Marietta Confederate Cemetery Page10
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Photos this page courtesy of James Neel, Sulphur Springs, TX

(May 2013) Enlarge In 1907, Mrs. Glover deeded the cemetery to the Ladies' Memorial Association. The Association then turned the property over to the state in 1908, the same year the Kennesaw Chapter of the United Daughters of the Confederacy dedicated the tall marble monument in the center of the cemetery to "Our Confederate Dead"


(May 2013) Enlarge After the Spanish-American War, this cemetery became the first place in the South where the Confederate flag was allowed to fly


(May 2013) Enlarge The hillside became the focal point of the city's Confederate Memorial Day observance in April.


(May 2013) Enlarge As the years passed and the original wooden markers weathered away, the names of soldiers killed in action and buried here were lost. In 1902, caretakers replaced the deteriorated original wooden markers with the plain marble markers of the type you see today


(May 2013) Enlarge Other monuments were also added to the hillside. In 1910, 15 identical marble markers were placed among the headstones - one monument for each Confederate state, a single marker for Maryland and Missouri, and a marker for the Soldiers' Home Section. A white marble arch was erected in 1911 near the northeast corner of the cemetery, facing Marietta Square. The arch pays homage to the fallen and bears the title "Confederate Cemetery"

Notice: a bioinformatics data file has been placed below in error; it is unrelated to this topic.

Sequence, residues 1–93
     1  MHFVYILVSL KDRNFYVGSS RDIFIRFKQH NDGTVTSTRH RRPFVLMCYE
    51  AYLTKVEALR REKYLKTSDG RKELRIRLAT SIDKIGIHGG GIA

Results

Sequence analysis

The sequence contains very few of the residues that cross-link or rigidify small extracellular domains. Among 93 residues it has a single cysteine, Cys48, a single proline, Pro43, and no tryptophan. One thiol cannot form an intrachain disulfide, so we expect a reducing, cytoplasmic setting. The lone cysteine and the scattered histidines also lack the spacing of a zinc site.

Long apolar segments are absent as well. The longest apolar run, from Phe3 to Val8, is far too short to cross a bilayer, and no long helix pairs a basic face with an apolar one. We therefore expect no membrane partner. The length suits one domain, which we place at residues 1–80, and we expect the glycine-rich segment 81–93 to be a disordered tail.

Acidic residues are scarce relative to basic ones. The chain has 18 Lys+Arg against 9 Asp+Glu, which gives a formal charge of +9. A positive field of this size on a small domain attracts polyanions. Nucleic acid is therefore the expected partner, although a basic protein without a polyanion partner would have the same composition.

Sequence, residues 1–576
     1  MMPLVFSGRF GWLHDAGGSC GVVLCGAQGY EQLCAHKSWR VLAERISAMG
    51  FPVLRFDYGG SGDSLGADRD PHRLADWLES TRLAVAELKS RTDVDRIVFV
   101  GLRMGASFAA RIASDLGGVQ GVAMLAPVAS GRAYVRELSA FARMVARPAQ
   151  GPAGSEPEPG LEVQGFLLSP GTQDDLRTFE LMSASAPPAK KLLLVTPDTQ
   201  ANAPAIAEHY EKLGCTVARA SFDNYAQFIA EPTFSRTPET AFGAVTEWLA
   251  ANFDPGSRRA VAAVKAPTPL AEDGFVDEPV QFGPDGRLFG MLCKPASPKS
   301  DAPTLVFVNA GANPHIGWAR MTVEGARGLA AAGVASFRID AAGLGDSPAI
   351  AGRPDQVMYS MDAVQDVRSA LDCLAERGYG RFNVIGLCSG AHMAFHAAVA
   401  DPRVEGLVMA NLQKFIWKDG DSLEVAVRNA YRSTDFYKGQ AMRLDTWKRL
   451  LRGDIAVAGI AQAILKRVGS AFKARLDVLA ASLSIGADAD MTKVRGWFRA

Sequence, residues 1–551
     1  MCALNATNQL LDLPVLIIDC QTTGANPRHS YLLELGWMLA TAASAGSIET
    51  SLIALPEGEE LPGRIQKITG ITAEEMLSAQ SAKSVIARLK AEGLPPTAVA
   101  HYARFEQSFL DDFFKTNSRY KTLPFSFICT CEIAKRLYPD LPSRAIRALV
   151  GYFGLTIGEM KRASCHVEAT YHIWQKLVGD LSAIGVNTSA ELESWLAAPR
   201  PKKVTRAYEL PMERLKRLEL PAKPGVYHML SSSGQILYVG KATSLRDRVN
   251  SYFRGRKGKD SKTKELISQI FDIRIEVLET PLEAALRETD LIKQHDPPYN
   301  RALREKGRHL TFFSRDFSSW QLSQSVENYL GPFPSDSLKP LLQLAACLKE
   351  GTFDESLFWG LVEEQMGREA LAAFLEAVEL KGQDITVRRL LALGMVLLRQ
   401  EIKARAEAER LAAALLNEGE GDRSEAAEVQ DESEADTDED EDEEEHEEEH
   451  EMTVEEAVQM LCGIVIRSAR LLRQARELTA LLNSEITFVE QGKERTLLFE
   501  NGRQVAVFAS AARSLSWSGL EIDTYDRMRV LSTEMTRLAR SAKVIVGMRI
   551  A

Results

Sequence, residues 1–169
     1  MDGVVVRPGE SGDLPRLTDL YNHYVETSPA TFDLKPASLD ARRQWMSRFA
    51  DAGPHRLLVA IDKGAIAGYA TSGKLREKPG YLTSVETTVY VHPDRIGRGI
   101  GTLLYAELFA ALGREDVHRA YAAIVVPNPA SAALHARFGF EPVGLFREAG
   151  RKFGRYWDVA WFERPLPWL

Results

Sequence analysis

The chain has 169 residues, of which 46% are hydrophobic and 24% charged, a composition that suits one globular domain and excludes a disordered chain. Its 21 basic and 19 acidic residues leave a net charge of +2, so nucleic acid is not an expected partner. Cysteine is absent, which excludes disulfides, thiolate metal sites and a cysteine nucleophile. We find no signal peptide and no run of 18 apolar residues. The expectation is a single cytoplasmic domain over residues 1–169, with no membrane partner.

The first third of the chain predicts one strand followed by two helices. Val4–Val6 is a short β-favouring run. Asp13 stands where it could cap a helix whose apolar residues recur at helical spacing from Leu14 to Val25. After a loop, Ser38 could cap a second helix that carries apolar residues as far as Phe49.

(May 2013) Enlarge Burials continued in the cemetery well into the 20th century, as age gradually claimed the remaining survivors of the war. Unlike their predecessors, most of these later arrivals have their names inscribed on their markers... Interestingly, the last resident of the Confederate Soldiers Home who was buried here is a man of African-American descent. Born a slave, William H. "Bill" Yopp followed his then-master Captain Thomas M. Yopp, to war with the 14th Georgia Infantry Regiment. Bill's wartime devotion to Captain Yopp continued in peacetime as well, leading eventually to the Soldiers' Home, where both men lived out their days. Bill Yopp died on June 3, 1936

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